All companies incorporated in Hong Kong are required to do Annual Filing of certain documents every year. The deadlines set for filing are different for each document.
You will usually need to file your documents by a fixed time, either by a particular date or months after the date of incorporation. However, business owners are often so busy with business engagement that they forget about the deadlines.
As a result, they are penalised for late filing of documents. Getting penalised affects the company and the business’s cash flow. In this article, we will cover the type of filing documents and the penalties for late filing of documents.
Types of Documents That Need Filing
Filing documents refer to submitting a particular set of statutory documents to the Hong Kong authorities by a prescribed time frame. Here are the three types of filing documents your company should take note of:
An Annual Return is a specific type of form that contains the particulars of your company such as the company’s registered address, shareholders, directors, secretaries and many more.
The form is called NAR1 and you will need to file this form with the Companies Registry. For local private limited companies incorporated in Hong Kong under Company Ordinance, you are required to file an annual return once a year, and it must be within 42 days of the anniversary of the company’s incorporation date.
If you have been running a business for a period of time, there is no change in the company’s particulars, that is perfectly fine. But you still need to file the return every year. Similarly, if there is a change in the company’s particulars in the course of running your business, you will need to notify the Companies Registry of the necessary changes within 15 days after the date of change.
Do remember to get your director, company secretary, manager or any authorised representative with Companies Registry to sign the form before the filing. The annual registration fee is HK$105.
Annual Tax Return
Also known as Profits Tax Return, companies are required to file Annual Tax Return every year, along with its audited accounts with the Inland Revenue Department (IRD). Notifications of tax return filing from IRD will be sent out to companies every 1st April of the year. For newly-incorporated private limited companies, the notifications will only be sent out 18 months after the date of incorporation. But in the following year, you must file the Annual Tax return within one month from the date of notification.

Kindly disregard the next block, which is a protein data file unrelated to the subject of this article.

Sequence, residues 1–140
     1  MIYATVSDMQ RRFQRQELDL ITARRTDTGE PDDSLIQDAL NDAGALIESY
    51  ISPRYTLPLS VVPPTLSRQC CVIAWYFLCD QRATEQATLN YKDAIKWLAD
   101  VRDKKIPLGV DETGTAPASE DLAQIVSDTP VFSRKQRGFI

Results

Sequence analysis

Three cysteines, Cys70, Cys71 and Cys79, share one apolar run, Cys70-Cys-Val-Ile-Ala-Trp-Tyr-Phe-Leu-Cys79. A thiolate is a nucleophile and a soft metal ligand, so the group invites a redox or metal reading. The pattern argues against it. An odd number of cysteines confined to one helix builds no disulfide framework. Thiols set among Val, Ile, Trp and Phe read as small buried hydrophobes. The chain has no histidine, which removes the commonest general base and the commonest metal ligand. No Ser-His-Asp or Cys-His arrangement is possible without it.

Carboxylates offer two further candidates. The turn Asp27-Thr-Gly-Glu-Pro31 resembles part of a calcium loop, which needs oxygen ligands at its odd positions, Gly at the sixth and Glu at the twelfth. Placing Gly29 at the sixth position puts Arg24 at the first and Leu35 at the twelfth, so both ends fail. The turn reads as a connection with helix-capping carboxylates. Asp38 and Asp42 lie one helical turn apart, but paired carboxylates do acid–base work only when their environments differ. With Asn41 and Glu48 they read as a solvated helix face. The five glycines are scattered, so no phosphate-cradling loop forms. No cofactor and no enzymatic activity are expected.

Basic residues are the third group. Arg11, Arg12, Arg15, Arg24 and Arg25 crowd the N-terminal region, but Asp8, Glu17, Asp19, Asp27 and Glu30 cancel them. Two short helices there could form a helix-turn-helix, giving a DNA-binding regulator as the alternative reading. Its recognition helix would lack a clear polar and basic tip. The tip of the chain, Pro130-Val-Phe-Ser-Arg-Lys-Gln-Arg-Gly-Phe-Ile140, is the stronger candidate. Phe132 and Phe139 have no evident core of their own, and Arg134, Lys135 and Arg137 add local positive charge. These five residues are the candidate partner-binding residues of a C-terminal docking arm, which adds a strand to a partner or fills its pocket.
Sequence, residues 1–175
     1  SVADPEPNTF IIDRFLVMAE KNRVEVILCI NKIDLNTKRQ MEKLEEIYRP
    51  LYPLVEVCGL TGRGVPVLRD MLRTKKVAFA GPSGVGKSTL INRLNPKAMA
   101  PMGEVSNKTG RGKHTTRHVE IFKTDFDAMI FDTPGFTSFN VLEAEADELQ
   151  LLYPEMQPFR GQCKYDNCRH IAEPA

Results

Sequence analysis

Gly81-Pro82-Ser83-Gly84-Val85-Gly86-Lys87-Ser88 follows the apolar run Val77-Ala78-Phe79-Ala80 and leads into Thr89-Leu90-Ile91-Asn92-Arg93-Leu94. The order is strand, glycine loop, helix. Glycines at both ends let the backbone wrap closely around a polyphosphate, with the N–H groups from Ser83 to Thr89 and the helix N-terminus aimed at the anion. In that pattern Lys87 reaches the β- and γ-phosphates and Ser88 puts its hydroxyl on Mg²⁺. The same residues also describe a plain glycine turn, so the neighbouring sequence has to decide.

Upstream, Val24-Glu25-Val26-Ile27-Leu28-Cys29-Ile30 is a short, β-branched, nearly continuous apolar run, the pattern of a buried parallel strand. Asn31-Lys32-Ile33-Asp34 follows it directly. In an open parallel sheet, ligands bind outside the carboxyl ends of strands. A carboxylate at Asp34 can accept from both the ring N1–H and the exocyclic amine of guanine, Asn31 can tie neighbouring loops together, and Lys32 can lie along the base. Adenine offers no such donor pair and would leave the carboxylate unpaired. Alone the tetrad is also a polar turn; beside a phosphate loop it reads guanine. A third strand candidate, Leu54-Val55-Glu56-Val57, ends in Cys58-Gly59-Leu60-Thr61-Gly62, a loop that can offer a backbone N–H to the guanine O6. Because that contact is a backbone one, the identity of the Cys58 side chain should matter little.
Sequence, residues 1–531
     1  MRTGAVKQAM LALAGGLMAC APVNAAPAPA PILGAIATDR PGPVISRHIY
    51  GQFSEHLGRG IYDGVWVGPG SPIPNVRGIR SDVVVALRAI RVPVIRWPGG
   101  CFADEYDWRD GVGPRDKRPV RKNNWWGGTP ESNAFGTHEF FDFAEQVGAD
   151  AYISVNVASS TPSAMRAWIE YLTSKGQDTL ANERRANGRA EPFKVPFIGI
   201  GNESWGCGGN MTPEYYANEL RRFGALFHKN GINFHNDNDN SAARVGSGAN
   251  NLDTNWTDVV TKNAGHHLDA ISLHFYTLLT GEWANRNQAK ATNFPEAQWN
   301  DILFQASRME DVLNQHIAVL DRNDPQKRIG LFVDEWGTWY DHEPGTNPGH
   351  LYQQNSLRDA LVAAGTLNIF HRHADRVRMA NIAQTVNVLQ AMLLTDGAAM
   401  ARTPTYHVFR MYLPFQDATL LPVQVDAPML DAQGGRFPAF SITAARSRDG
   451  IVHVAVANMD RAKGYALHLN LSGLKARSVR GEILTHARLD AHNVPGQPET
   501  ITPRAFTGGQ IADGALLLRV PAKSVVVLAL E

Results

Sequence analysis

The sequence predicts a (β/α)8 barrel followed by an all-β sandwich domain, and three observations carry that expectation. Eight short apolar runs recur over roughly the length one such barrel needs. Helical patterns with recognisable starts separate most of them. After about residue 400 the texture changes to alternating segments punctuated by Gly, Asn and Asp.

Another return form that IRD issues to all Hong Kong companies on 1st of April each year is Employer’s Return BIR56A. Employers are required to fill out the form and file it with IRD within one month after receiving it. As long as you are employing staff to run your business, you will need to file this. What about the newly-incorporated company? You will receive the form within 3 to 6 months after your first audit. Do bear this in mind at the end of your assessment year.
Still confused about the different types of filing documents? Speak with us and we will advise you on the filing documents.
What Are the Late Tax Filing Penalties?
Now that you are aware of the different types of filing documents and the respective deadlines, it is also important to think about the late tax filing penalties. No company likes to submit their documents late. But it is common to find companies that miss out on deadlines. Likewise, there are also new company’s officers who might not be aware of the late tax filing penalties. This is a good opportunity to get a refresher on the late tax filing penalties:
Annual Tax Return
Aside from filing Annual Tax Return on time, business owners often fail to declare sufficient information in the return form during their filing. This will result in paying a penalty. Submitting a proper and complete document to the IRD is very crucial.